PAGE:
• United States
by Cheryl Currid

Why you should care about Wi-Fi security

Feb 03, 20034 mins
MobileNetwork SecuritySecurity

* Wi-Fi and security for net execs

Sanctioned or not, your company has end users right now sitting in coffee shops or hotel lobbies using a wireless connection to the Internet. And, chances are, they haven’t zipped up the necessary security features.  So free for the picking is data – possibly sensitive corporate data, credit card numbers, or other information. 

Moreover, it doesn’t take a serious hacker to find the data. If computers are not protected, a fellow user in the coffee shop could just stumble onto unprotected files by clicking on network connections.

Not scared? After all, you don’t allow end users to put in Wi-Fi cards, right? Well, guess again. For less than the price of a good steak dinner, a corporate road warrior can march into an office supply or computer store and buy one. And it doesn’t matter if you’ve banned the products or gotten senior management to write letters confirming your stance – you can’t stop progress.

What to do? Learn all about Wi-Fi, embrace it, support it, and most importantly, teach everyone how to use it. The worst part of information security comes when otherwise intelligent users do dumb things with security – from setting passwords to figuring out firewalls. Business people don’t “think security” first, they think about getting their jobs done.

Look at the business side. Business people want to get any information, at anytime, to any device – and ultimately into their brains. That makes them agile and capable of dealing with all types of challenges. Think about the sales person who can quickly respond to competitive pressure, or a service person who can get up-to-the-minute information on repairing a part.

The worst part of information security – for Wi-Fi or any other corporate application – is the frailties of keeping passwords secret.

Consider the teachings of Kevin Mitnick and William Simon in their book “The Art of Deception: Controlling the Human Element of Security”. Mitnick, you may remember, was once considered America’s most wanted computer outlaw. A key point made in the book is that getting people’s passwords can be easy. Some hackers just call the user, make up a story, and ask for the password.  Similarly, asking someone for his or her social security number can unlock lots of doors for a hacker.

For the hacker, there’s no genius to it. For the business person, it seems reasonable. For the company, few (perhaps none) would ever admit security was breached.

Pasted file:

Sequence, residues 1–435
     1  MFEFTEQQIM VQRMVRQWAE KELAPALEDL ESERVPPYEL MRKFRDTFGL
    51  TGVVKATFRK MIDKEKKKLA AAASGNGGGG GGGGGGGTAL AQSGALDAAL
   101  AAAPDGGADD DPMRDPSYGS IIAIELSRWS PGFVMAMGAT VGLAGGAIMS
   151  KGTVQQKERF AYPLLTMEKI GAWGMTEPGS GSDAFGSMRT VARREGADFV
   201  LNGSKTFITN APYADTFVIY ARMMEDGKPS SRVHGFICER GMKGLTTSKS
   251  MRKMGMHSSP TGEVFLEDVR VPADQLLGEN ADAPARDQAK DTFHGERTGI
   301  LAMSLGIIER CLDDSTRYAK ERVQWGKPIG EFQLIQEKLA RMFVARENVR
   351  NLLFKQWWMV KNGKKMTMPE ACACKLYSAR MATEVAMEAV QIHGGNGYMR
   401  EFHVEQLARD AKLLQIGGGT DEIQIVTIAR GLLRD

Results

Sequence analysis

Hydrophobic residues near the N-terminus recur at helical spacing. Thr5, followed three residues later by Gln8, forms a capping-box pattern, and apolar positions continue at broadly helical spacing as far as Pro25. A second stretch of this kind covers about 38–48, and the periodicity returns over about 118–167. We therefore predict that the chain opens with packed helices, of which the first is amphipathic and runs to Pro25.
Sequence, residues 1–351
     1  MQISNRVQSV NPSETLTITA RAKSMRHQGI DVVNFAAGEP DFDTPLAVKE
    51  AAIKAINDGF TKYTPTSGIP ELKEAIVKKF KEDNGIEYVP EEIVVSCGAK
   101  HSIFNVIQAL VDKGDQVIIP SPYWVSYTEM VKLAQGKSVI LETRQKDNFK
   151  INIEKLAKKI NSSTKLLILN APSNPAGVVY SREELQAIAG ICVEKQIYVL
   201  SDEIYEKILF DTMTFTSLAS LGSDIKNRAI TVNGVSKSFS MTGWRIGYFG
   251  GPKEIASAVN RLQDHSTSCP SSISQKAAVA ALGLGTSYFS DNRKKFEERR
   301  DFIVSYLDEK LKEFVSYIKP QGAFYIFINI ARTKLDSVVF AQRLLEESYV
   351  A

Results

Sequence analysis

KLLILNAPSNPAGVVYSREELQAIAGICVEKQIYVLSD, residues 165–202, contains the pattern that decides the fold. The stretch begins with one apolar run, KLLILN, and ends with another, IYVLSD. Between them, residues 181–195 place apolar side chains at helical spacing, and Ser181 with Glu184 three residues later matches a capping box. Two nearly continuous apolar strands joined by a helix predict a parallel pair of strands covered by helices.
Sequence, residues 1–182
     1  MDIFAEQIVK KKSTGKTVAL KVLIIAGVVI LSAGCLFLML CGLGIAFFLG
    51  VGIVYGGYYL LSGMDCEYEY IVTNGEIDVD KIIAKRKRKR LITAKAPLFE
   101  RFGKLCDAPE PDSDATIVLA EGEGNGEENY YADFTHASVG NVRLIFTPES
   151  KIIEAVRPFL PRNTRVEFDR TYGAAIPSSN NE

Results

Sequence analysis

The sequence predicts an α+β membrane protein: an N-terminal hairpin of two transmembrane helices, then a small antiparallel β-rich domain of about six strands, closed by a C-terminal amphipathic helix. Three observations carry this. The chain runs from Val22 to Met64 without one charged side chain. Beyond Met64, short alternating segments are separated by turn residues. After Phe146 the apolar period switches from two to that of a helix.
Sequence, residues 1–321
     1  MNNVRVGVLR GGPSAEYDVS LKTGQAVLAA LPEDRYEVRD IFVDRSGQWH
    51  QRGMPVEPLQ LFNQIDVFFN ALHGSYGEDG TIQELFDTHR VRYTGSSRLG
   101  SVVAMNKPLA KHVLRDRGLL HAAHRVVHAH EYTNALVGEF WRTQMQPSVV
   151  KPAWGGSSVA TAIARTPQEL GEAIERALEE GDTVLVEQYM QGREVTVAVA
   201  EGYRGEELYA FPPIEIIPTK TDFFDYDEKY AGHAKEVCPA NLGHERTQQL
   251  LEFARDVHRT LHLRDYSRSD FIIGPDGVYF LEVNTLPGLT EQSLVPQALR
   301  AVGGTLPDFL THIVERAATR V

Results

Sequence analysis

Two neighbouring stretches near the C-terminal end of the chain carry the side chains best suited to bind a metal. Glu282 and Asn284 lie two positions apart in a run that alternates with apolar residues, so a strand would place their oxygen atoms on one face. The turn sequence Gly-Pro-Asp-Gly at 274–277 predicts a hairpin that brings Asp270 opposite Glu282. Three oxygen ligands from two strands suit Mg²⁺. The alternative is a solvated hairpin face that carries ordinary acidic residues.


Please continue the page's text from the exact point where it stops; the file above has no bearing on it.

Another potential flawed security comes from the equipment being set up wrong. Here’s where Wi-Fi can be troublesome. Depending on which Wi-Fi component was used and what operating system resides on the computer, Wi-Fi can start out as an open, unlocked door.

And, while I’m not trying to run a commercial for Microsoft, many of the security holes can be solved with Windows XP. Microsoft programmers didn’t add tons of network security features into Windows XP for their good health they did it for yours.  And, they did it just in the nick of time for the stampede of Wi-Fi locations.

 But, without accepting Wi-Fi into the organization, the IT manager may never know about the exposure. End users will smuggle in the equipment and pursue business with or without help from IT.

 My recommendations are easy: first, launch a company wide program about password security.

 Then, create an amnesty program for people who already have Wi-Fi. Offer to help them set it up correctly and securely. Keep a list of the users and provide them with updates. Encourage end users to work with you to keep company secrets just that way.

 Don’t be an ostrich when it comes to progressive technology. With or without you, people will find technology to get their jobs done. Make sure you are a part of the solution, not the problem.

* Follow-up: More on security

A few weeks ago, Linda Musthaler wrote an article about security policies and educating employees about security (see:  If you’d like to learn more about trends in security you could take part in the 2003 Industry Survey on Security Event Management, brought to you by Open Service (  Participating in the brief survey will make you eligible to receive the complete results and analysis of the data.  You can complete the survey online at